Today I had the chance to sleep a bit late, but my sleep was restless from about 6:30 on. I wasn’t really awake, but I was in a light sleep. Part of the problem was that my husband was up early making breakfast. I can’t really complain about that! And another part was that today was going to be my last day.
It’s not that I won’t ever do Crossfit again, just that the month I paid for is up. University classes start next week, and I don’t have the time or the money to continue to take the Crossfit classes like I have for the last month. I’ll try to keep going, as often as I can, but I know it won’t be as often as I want to. And I’m not happy about that.
But I am looking forward to sleeping past 5am on workdays again.
Today’s WOD was intriguing. I didn’t really know how it would play out.
*AMRAP in 20 minutes:
– 500m Row, then
– Snatch (5pts), or
– Clean (3pts), or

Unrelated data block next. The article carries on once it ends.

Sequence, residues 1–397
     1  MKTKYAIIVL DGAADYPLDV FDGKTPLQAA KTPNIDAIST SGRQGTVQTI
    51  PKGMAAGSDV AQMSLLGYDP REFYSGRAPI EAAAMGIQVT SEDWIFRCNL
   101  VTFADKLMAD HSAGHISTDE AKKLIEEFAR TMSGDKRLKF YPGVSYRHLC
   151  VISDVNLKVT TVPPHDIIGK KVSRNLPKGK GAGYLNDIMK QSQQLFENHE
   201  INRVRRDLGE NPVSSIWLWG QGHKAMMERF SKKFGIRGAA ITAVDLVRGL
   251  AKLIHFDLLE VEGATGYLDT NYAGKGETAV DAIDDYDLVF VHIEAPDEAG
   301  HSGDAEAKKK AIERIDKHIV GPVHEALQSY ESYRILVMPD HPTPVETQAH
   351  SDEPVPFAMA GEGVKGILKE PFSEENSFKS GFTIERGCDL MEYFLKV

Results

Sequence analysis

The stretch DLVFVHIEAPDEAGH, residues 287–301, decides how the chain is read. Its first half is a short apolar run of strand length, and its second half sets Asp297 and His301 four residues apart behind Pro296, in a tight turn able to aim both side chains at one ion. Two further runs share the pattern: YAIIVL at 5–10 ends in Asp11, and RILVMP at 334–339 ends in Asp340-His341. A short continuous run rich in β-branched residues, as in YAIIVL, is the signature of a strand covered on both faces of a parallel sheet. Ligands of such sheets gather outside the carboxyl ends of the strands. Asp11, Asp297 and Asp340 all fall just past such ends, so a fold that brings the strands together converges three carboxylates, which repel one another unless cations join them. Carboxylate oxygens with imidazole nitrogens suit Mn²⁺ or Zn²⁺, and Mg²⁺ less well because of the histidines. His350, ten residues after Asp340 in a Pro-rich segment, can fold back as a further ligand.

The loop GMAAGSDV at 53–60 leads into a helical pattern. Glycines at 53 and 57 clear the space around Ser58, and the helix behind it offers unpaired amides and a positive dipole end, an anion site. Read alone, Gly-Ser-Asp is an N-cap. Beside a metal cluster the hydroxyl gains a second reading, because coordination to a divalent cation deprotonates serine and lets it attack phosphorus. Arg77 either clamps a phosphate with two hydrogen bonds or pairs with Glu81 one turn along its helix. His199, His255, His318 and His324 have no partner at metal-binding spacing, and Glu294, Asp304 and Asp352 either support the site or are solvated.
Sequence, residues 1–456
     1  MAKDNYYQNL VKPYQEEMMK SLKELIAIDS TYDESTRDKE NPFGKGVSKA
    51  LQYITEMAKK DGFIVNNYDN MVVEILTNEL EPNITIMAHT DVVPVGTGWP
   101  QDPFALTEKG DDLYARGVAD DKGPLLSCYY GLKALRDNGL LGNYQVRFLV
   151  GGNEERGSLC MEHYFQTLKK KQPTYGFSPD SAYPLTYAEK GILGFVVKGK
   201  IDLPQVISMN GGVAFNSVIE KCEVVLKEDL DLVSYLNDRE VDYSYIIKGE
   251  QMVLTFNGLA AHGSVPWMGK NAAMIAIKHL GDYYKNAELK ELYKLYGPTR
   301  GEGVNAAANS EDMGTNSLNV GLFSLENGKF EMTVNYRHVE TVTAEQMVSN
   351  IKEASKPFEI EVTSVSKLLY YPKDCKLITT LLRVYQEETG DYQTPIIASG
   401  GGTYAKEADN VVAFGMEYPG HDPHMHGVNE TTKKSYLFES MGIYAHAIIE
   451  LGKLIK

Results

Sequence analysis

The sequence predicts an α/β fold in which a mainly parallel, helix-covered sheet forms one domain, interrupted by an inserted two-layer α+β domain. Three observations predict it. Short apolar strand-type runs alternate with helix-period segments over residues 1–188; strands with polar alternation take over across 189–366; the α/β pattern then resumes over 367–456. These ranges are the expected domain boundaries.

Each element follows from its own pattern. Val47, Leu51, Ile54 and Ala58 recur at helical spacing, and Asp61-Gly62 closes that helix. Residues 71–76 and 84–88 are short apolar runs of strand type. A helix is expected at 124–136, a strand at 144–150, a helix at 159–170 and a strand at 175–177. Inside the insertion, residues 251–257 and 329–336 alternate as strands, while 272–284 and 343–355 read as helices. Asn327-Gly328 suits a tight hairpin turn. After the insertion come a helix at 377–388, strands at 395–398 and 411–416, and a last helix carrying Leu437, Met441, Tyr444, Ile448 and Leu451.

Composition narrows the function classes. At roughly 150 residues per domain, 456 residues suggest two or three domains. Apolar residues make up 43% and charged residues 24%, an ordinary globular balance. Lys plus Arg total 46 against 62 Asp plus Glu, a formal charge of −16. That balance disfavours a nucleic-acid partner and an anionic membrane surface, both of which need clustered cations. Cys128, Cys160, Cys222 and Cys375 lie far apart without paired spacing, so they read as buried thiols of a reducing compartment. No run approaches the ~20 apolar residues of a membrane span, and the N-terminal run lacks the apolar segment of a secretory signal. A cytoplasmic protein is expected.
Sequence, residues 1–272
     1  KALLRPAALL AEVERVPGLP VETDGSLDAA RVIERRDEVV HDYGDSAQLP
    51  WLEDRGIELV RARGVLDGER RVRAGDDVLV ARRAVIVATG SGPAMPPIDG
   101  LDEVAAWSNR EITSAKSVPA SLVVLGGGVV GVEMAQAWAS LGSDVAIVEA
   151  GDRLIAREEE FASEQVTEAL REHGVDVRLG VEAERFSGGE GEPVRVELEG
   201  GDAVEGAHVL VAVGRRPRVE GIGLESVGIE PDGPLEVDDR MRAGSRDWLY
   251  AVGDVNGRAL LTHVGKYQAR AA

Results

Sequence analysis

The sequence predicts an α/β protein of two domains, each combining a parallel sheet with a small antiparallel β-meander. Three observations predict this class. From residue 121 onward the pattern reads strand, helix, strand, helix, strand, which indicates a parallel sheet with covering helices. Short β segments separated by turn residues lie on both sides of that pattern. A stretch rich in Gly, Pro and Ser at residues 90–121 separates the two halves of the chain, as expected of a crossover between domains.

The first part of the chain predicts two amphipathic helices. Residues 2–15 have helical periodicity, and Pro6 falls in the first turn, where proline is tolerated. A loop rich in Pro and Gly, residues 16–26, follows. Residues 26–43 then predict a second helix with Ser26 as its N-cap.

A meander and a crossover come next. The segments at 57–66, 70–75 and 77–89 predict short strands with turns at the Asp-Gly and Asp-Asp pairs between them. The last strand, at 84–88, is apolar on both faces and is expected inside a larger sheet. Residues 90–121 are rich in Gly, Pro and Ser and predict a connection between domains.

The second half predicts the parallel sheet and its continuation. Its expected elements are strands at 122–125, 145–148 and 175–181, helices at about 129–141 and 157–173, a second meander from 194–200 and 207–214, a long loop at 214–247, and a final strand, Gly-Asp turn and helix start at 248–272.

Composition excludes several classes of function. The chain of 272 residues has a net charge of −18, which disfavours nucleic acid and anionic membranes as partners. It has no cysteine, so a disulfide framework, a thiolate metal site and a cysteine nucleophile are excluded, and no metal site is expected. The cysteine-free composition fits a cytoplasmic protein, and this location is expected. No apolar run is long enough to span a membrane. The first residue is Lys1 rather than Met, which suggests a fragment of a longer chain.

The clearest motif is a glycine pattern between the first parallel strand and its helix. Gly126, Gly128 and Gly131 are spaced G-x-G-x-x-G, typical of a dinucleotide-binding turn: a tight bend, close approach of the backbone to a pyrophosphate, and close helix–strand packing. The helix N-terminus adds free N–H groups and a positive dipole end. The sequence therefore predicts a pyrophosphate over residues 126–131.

– Deadlift (1 pt)
Perform the barbell movements for as long as it took to row (1 bar & same weight for all movements).
*Partner 1 rows 500m while partner 2 performs AMRAP, then partners switch once 500m row is completed.
When I got to the gym, I took the first chance I had to corner the trainer and ask him about what his recommendation for my hands would be. I did spend the night with my hands in socks, coating the exposed skin with a layer of lanolin, but they weren’t exactly ready to go. I mean, I was glad we weren’t going to be on the pull up bar, but I wasn’t sure how I would handle the weight lifting with the raw spots on my palms.
I had brought my cycling gloves, since they had some padding on the palms, and he offered to loan me weight lifting gloves, but, in the end, I decided against full-fingered gloves. Instead, he taped my palms up and I gave that a shot.
Other participants in this morning’s workout (there were 8 at the 8am class), noticed the tape and asked me what happened. When I explained, I was advised to get a callous shaver and just use it whenever the callouses got big. Since I’m not going to be doing this as often, I might or might not do that. I’m thinking of getting some weight lifting/climbing gloves without fingers as protection against future callouses, but I haven’t decided on that yet. I mean, I might be stopping the Crossfit classes, but I still want to be able to do a pull up!